When children lose interest, probe their motivation but don't push


November 26, 2006|By CAL RIPKEN JR.

DEAR CAL -- My son is 11 and has played baseball since he was 5. He has become a very good pitcher, but not a good hitter. Recently he told me that he doesn't want to play anymore. I told him that we can work on his batting, but he insists that he doesn't like playing anymore. Is it wrong to make him play?

Diana Seabolt, Pasadena

DEAR DIANA -- I think it is wrong to force your son to play. You have to keep your son's best interest in mind, and sometimes as a parent you have to push kids through things to make them understand that it's OK. I would ask more questions about why he doesn't want to play. Start by saying, "Look, you don't have to play if you don't want to. It's your life and your decision. At age 11, you're old enough to determine what you like and don't like. But what are some of the things that bother you, that you enjoy and that you don't enjoy?"

Maybe through questioning you'll discover the underlying problem. It might be a coach or a teammate causing these feelings. Maybe it won't happen for a few days, but by opening a dialogue that's not intimidating, you might be able to uncover the underlying root of his feelings.

Then, occasionally take your son out back and play catch to keep him in touch with what he likes about baseball. But I would not push it. It's just not worth it to force a child to do something that he doesn't want to do.

DEAR CAL -- I was curious what you thought about George Mason's run to the [men's basketball] Final Four last season. More important, what message does it send to kids of all levels about the mental and emotional aspects of sports? Nobody gave that team a chance, but the players obviously believed in themselves and each other.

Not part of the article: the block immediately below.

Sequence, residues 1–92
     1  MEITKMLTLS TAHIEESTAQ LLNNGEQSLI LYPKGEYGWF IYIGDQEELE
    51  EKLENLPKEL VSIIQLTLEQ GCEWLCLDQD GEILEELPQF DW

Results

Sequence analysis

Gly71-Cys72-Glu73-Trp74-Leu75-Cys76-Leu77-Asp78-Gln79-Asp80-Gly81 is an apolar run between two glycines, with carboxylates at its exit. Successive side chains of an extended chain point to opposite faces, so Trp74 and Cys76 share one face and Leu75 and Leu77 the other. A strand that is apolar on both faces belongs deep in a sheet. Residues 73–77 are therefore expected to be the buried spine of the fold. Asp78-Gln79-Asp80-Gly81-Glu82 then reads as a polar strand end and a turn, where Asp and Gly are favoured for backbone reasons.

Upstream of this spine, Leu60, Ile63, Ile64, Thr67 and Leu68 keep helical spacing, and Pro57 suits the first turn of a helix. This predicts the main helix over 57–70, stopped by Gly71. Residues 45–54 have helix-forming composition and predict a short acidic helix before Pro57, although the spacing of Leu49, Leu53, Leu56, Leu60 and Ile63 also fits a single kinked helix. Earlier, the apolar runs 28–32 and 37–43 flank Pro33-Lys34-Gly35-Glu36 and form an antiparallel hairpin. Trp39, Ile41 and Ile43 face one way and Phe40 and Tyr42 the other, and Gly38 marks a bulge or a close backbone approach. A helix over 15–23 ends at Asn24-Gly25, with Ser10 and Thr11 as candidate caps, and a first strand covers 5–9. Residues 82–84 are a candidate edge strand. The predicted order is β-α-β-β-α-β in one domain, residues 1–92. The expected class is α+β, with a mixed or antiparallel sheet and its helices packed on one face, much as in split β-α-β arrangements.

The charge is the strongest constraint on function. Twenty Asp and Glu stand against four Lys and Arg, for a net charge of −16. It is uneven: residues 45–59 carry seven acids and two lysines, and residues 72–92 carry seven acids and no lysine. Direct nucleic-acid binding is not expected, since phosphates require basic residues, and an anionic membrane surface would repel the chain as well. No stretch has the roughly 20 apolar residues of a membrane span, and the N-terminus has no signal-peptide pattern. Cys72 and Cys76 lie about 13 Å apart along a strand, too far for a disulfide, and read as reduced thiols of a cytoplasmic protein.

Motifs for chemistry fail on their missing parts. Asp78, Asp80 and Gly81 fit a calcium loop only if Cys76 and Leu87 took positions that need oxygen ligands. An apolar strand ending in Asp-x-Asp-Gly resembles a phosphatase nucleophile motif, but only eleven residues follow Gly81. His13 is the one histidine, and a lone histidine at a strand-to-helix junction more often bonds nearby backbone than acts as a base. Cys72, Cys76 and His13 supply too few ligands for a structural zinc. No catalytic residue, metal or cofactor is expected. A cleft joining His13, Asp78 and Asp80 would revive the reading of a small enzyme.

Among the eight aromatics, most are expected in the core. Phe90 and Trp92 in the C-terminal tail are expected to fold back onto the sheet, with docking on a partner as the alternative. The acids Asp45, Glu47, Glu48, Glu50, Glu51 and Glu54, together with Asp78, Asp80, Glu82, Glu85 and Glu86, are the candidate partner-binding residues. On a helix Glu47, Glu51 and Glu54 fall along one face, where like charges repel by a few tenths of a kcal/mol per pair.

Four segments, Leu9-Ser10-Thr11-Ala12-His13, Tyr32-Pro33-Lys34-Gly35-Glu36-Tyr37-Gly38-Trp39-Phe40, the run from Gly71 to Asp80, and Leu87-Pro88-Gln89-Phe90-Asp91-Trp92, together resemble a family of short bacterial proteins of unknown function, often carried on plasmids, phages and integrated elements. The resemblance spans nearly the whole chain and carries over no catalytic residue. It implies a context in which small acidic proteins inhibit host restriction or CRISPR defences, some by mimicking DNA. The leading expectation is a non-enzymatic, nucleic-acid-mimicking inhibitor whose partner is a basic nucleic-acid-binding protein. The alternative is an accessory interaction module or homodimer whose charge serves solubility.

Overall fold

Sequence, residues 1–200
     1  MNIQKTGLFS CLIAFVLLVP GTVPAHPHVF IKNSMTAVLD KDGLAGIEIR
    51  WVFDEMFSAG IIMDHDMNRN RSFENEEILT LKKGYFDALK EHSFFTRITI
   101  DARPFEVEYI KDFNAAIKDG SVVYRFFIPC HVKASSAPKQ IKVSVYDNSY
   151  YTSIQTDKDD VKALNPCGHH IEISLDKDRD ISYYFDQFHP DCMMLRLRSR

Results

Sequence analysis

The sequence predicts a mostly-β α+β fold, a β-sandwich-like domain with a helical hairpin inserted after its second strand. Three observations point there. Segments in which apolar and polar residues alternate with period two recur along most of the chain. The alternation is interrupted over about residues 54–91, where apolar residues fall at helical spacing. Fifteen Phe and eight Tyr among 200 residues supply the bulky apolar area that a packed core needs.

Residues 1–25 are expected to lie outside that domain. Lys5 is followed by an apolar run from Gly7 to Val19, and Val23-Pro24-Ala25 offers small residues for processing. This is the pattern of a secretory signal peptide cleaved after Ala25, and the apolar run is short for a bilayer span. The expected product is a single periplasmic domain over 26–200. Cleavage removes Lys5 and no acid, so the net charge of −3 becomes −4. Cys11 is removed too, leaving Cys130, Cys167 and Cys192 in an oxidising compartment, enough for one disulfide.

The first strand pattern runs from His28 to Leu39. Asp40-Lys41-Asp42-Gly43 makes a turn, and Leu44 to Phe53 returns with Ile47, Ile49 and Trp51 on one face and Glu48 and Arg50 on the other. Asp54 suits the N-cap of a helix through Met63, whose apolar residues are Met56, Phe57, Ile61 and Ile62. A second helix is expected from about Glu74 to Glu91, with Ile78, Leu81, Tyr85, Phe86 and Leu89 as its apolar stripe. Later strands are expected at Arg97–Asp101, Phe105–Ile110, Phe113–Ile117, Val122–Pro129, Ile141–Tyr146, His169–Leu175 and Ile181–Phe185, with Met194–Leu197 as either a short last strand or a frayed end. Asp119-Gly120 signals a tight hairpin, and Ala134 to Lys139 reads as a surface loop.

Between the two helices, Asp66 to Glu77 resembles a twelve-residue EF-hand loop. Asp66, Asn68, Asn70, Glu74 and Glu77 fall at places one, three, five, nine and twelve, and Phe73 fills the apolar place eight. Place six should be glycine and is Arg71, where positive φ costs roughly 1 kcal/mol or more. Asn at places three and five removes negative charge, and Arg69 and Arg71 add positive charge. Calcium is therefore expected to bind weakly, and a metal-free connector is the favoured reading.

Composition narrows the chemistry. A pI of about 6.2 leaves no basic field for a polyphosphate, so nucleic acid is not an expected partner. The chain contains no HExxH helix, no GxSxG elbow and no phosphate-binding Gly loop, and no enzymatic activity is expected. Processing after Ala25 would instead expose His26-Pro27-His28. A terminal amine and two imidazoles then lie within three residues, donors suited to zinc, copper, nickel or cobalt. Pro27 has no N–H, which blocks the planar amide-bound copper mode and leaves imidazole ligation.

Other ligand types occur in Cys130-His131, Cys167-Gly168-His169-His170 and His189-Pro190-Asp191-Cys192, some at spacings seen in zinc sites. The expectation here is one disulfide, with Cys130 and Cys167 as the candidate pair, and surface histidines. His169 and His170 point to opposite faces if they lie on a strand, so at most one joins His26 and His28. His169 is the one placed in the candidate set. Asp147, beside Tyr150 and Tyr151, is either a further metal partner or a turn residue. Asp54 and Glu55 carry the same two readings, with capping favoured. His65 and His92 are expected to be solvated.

Tom Comi, Sterling, Va.

DEAR TOM -- George Mason's run captured the attention of people all over the country, myself included. We always want to pull for the underdog. It's similar to the situation in baseball with small-market teams vs. big-market teams. I think George Mason's success was a matter of teamwork, competency and expertise.

Certainly it overachieved in the sense that maybe its overall talent was less than that of its competition, but George Mason proved that if you play as a team, it gives you an edge and allows you to peak at the highest level.

Teamwork is important. Many times more attention is paid to individual accomplishments. In this case, you can look at George Mason and say this is what a good TEAM can accomplish. It's a good message for kids and a good message for coaches. In the youngest age groups, while it is important to teach skill development, it is just as important - if not more important - to teach team play and the importance of being a part of a team. Those are the skills you are going to apply again and again as you go through life.

DEAR CAL -- I am a 51-year-old varsity squash coach at an all-girls private school. This is my sixth year coaching, and I'm having a blast doing it. The girls are having fun and have improved because of footwork, cardio, technique and staying focused throughout the match. When is it time to hang it up and let some new blood in with fresh ideas and enthusiasm? Don't get me wrong, I love what I'm doing. But in fairness to the girls, when is it time to throw the towel in?

Joe Lacy, Timonium

DEAR JOE -- I think that if you love what you are doing and the kids are benefiting, you should stick it out. If it's fresh ideas and enthusiasm that you're worried about, then talk to younger coaches and grab new ideas. If you're worried that your ideas are getting stale, find ways to get fresh ideas.

As long as you are having fun and are developing and teaching the girls, stick with it. Age is only a number. If you can hang out with younger coaches and pick up ideas from them, it could be a good association, because certainly the wisdom and experience you have can benefit them. In return, hopefully some of their enthusiasm will rub off. So I say hang in there as long as you can.

Have a question or issue arising from your involvement in youth sports? Send it by e-mail to askcal@baltimoresun.com.

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